Friday, October 27, 2017

Protect and Serve

Could you be a cop? You would be admired by many, feared by some, and hated by others. Could you wield deadly force, if necessary? Aye, there's the rub. In the heat of the moment, could you take another''s life to save your own or that of another? When the smoke clears and the one who threatened is found to only have fake gun, how would that make you feel? 

In Madison, until recently, cops were told "the purpose of deadly force is to stop the threat." This seems to be a clear-cut directive that would entail little hesitation when time is of the essence. Now suddenly, cops must first consider that their duty is to ensure the "protection and preservation of all human life", victims and perpetrators alike (New Police Procedures). This new policy takes into account not just the appearance of imminent violence, but the circumstances in which it occurs and the state of mind of the individuals involved. And still a decision needs to be made on the fly as a situation unfolds. The point is, that cops have other options, including deescalation and non-lethal force.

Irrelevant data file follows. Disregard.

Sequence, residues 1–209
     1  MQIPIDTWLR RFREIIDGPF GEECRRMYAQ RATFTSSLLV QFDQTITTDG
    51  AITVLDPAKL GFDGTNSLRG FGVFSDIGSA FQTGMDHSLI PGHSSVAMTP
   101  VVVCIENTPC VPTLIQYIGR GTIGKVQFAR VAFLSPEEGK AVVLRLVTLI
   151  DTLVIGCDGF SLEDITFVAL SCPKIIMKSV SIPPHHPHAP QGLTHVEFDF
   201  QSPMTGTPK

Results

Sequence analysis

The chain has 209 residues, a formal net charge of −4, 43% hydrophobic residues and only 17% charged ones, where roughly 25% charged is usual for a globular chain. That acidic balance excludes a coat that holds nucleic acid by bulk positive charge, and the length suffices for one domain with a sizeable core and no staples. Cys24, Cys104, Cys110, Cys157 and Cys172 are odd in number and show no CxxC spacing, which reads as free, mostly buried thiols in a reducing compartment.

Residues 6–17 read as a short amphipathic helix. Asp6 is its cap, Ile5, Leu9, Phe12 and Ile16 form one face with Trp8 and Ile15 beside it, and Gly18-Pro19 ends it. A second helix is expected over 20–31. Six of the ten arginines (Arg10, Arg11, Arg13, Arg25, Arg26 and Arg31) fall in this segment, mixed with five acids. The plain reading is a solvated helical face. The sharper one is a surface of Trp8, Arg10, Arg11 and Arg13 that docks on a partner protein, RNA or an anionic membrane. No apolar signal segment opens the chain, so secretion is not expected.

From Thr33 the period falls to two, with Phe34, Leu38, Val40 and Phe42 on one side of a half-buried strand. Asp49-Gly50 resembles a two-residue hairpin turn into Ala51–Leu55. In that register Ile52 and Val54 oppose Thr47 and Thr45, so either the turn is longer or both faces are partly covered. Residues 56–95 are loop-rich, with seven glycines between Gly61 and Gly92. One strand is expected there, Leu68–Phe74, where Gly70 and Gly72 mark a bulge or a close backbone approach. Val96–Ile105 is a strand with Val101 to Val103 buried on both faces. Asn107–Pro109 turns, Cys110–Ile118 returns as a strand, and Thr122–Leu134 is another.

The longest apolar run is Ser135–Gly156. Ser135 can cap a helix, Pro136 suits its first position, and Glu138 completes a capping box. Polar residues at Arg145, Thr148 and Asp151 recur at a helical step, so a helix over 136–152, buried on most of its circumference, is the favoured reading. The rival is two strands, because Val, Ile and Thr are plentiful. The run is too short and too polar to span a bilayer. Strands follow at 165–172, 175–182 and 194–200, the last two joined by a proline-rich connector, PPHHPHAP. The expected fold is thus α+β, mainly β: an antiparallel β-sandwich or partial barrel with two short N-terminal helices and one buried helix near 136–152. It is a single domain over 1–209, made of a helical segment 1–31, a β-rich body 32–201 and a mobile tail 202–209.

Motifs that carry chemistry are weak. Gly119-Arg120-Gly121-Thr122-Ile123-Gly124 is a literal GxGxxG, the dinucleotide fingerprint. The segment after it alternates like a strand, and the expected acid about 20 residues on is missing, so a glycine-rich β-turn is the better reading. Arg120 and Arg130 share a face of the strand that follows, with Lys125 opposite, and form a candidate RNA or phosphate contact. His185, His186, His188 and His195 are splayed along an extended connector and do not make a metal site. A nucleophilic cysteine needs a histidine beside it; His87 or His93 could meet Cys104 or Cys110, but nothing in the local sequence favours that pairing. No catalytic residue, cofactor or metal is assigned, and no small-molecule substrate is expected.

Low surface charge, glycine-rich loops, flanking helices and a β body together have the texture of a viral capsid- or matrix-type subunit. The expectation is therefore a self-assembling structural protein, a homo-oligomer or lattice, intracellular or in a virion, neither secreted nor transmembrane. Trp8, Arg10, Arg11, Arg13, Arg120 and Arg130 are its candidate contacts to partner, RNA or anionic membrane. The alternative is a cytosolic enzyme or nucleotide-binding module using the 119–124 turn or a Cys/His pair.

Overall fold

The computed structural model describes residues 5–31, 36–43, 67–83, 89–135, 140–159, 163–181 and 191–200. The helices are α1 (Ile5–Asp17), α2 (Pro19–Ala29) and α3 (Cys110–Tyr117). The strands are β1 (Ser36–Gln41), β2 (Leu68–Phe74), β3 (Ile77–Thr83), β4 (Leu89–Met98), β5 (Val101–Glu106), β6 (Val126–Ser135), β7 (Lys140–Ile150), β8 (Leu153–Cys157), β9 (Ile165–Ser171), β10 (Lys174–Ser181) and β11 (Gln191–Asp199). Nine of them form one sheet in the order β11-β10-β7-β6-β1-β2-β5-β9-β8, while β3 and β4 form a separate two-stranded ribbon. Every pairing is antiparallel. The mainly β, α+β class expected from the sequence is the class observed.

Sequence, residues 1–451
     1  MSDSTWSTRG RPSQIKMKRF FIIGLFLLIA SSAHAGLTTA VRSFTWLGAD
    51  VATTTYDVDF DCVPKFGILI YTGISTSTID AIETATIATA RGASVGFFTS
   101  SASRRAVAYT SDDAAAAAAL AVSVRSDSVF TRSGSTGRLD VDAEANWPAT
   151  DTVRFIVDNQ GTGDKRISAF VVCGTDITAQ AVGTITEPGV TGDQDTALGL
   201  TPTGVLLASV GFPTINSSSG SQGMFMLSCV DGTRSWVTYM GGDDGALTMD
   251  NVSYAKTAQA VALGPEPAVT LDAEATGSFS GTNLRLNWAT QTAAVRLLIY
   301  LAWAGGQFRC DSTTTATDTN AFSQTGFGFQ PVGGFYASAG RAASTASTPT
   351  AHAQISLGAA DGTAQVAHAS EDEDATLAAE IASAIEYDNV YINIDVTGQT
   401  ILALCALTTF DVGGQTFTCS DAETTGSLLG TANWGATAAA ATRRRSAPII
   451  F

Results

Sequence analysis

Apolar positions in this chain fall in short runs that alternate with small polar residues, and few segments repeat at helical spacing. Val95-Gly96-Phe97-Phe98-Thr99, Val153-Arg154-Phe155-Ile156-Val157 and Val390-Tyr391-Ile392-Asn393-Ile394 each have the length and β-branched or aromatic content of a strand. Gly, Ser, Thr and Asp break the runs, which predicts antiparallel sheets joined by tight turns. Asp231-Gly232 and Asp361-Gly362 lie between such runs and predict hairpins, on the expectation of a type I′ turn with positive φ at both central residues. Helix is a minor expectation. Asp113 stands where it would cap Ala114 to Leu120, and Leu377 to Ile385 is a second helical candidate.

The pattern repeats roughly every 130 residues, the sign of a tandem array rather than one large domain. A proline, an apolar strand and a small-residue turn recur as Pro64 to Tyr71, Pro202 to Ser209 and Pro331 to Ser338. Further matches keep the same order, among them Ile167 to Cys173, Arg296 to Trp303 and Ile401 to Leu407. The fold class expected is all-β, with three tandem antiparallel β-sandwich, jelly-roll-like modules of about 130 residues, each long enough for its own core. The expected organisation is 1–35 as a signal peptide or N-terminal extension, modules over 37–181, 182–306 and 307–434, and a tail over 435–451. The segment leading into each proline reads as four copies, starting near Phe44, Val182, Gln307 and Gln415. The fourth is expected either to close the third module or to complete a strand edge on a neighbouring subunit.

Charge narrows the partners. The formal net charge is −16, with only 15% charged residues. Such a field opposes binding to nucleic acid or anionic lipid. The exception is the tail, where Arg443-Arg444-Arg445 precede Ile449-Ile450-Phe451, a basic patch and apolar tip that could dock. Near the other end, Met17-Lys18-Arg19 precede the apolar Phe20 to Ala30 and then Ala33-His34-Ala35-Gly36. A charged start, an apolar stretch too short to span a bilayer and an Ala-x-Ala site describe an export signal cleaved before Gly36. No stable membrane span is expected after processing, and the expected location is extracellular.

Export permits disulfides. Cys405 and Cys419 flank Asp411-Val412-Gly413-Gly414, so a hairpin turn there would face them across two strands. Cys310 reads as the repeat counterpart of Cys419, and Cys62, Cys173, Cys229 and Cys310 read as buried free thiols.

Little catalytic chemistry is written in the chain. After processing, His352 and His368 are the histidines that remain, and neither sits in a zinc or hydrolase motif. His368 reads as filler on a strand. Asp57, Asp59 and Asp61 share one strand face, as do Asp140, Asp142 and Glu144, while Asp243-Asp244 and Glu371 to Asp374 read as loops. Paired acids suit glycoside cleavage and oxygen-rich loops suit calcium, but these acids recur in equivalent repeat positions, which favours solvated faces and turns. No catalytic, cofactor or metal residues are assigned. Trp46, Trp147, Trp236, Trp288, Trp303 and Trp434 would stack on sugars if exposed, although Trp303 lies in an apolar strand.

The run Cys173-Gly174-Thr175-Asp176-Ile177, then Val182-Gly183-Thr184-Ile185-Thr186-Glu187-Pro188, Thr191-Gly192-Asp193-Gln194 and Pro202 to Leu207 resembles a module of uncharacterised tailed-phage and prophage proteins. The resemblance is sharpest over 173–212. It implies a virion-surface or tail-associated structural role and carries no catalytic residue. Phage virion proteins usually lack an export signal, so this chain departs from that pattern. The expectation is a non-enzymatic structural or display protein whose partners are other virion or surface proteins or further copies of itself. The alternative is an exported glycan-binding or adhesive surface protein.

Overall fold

The trick is processing this additional instruction in a short amount of time. The other part of it is overcoming preconceived notions about the citizen being confronted. Will the mentally ill and people of color be given the the same benefit of the doubt? Training to implement the new policies will help cops adjust the way they interact with the public, but changing their cultural response may take a more concerted effort.

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